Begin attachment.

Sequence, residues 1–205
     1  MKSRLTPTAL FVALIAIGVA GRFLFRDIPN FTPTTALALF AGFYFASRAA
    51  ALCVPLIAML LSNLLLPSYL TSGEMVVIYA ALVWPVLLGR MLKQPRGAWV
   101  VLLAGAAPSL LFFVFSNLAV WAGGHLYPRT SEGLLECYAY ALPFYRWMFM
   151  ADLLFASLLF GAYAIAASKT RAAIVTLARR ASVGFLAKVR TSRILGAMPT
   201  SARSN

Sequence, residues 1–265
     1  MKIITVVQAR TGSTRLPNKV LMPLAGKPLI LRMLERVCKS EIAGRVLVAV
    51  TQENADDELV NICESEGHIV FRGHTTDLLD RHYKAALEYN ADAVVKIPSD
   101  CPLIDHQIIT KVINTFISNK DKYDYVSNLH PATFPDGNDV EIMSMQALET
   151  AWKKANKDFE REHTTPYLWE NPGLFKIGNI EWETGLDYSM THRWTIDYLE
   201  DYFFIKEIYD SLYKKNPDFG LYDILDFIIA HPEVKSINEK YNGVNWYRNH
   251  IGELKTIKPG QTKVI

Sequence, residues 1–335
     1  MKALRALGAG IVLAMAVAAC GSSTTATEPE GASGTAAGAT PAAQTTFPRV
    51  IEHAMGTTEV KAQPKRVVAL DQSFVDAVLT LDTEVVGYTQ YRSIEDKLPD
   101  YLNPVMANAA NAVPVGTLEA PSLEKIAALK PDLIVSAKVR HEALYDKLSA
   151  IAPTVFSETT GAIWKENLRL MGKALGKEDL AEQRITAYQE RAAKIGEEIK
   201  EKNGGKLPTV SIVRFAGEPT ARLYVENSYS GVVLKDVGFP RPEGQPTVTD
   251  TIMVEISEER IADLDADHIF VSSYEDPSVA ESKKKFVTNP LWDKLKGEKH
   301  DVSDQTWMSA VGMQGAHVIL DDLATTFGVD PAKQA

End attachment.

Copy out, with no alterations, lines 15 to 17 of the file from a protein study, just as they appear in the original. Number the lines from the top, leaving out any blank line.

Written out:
     1  MKALRALGAG IVLAMAVAAC GSSTTATEPE GASGTAAGAT PAAQTTFPRV
    51  IEHAMGTTEV KAQPKRVVAL DQSFVDAVLT LDTEVVGYTQ YRSIEDKLPD
   101  YLNPVMANAA NAVPVGTLEA PSLEKIAALK PDLIVSAKVR HEALYDKLSA